By Dr. Jason Phillips, Urologist
Erectile dysfunction, also known by the acronym ED, is a rarely-discussed but very common medical condition that affects men worldwide. In fact, approximately 1 in 5 men in the United States over the age of 20, roughly 30 million men, suffer from ED.
What Is Erectile Dysfunction?
To understand erectile dysfunction, it is important to understand how erections occur. Under normal circumstances, psychological or sexual stimulation causes the penile smooth muscles to relax, allowing increased blood flow to the corporal bodies (the two chambers within the shaft of the penis). As the penile arteries expand the penis elongates and clamps down on the venous outflow to maintain the erection. If the arteries are calcified or diseased such as someone with heart disease or vascular disease, blood flow may be compromised. It is important to see your doctor if you have new onset erectile dysfunction as it may be an indication of cardiovascular disease.
What Causes Erectile Dysfunction?
The causes of ED are often multifactorial and include such common conditions such as diabetes and heart disease. Sometimes the condition can be an early warning sign of heart problems and up to 40 percent of ED cases are the result of vascular problems such as atherosclerosis, or plaque buildup in your arteries. ED can have broad implications on a man’s quality of life and can include difficulties with depression, intimacy, anxiety and self-esteem.
Treatments for Erectile Dysfunction
Treatments for ED usually can be classified into five categories.
- Medications – The most common treatment for ED are the oral prescription medications. These medications are phosphodiesterase-5 inhibitors and are the Viagra’s of the world. They work by bringing more blood to the penis to improve the rigidity of erections. Most people are candidates but care should be taken with some medications and cannot be taken with nitrates.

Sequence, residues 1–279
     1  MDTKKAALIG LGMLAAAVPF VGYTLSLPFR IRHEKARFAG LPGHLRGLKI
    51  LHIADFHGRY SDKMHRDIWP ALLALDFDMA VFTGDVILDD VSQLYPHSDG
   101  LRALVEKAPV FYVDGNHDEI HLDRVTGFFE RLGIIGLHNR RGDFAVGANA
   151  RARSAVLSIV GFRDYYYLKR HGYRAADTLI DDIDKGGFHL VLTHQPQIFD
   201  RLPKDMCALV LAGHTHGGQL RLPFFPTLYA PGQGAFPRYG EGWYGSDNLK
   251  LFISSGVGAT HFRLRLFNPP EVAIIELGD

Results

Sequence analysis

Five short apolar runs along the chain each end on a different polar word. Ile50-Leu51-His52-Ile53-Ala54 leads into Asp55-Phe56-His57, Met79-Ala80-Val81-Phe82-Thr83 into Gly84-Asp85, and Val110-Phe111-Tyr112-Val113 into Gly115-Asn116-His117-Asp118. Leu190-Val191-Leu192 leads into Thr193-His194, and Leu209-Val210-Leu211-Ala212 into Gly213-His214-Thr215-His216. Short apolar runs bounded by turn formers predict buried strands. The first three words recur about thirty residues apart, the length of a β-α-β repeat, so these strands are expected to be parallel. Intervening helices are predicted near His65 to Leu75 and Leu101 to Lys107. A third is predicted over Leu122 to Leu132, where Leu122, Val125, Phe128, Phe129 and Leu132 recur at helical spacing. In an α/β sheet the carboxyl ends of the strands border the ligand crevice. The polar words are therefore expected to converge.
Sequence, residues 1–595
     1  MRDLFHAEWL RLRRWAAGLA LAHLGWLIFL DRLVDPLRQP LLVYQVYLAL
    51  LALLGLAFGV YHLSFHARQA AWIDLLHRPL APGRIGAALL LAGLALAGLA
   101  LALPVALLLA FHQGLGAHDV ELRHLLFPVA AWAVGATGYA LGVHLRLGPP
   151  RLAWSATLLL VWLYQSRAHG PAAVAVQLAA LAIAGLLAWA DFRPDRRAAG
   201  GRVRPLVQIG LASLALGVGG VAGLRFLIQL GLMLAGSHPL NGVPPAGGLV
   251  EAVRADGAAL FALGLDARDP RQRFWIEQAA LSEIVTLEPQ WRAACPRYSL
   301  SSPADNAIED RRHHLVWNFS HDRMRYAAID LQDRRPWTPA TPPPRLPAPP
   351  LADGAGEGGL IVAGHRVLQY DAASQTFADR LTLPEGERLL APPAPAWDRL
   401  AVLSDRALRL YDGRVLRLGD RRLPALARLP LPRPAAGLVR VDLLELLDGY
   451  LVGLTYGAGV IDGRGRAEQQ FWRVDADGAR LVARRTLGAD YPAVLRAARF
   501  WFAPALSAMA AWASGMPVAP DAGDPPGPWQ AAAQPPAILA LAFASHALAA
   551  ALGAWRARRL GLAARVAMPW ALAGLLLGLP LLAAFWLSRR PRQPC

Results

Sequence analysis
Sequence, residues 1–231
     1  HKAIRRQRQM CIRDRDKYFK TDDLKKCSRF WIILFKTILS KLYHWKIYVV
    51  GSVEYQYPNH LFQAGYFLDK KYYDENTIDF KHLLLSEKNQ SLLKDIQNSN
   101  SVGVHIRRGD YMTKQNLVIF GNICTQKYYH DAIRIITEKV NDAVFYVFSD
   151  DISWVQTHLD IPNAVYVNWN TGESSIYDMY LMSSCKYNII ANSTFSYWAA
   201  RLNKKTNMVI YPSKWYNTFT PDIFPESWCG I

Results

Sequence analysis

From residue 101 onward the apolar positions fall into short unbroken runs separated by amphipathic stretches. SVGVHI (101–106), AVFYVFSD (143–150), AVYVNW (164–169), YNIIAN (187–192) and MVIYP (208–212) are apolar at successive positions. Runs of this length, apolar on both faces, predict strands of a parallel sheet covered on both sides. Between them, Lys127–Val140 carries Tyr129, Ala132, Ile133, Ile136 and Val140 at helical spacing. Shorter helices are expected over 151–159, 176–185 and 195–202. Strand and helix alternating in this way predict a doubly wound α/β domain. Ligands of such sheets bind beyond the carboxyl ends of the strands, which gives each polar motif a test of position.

- Vacuum erection devices (VED) – These devices work by using negative pressure to the penis and keeping in the penis with an elastic tension ring. VEDs have been around since the 1980’s and can help most people but can be uncomfortable.
- Injectable Medication & Intraurethral Suppositories – The next line of treatments work by placing medications directly into the penis through an injectable or intraurethral suppository. One such option is MUSE, a small pill that is placed directly into the urethra and gives medication locally. Self-injections work by injecting medication directly into the corporal bodies to induce an erection. Injections work well for most people but the man or his partner must be willing to inject the medication into the penis.
- Prosthesis – For those men who wish to achieve an erection but have failed the previous treatments, a penile prosthesis is the final option. Penile implants have been used since the 1970s and typically consist of inflatable cylinders that are placed into the corporal bodies of the penis in the operating room. Patient satisfaction is high with penile prostheses and can be a life-changing event for many men and their partners.
If you are having difficulty with your erectile function, talk to someone. Talk to your partner, talk to your friends, or talk to your doctor – just know that you are not alone when it comes to this condition. Options are out there so find out if there is a treatment option right for you! Dr. Jason Phillips is a specialist in men’s urological health and is available to discuss your options is you suffer from erectile dysfunction.
About Dr. Phillips
Dr. Jason Phillips is a Board Certified Urologist specializing in men’s and women’s urologic health. Dedicated to providing patients superior care, he has a special interest in treating BPH, urologic cancers, kidney stones, overactive bladder, incontinence, bladder prolapse, and erectile dysfunction. He is trained in minimally invasive technologies including ureteroscopy, Greenlight laser, Urolift, laparoscopic surgery and the da Vinci robotic surgical system.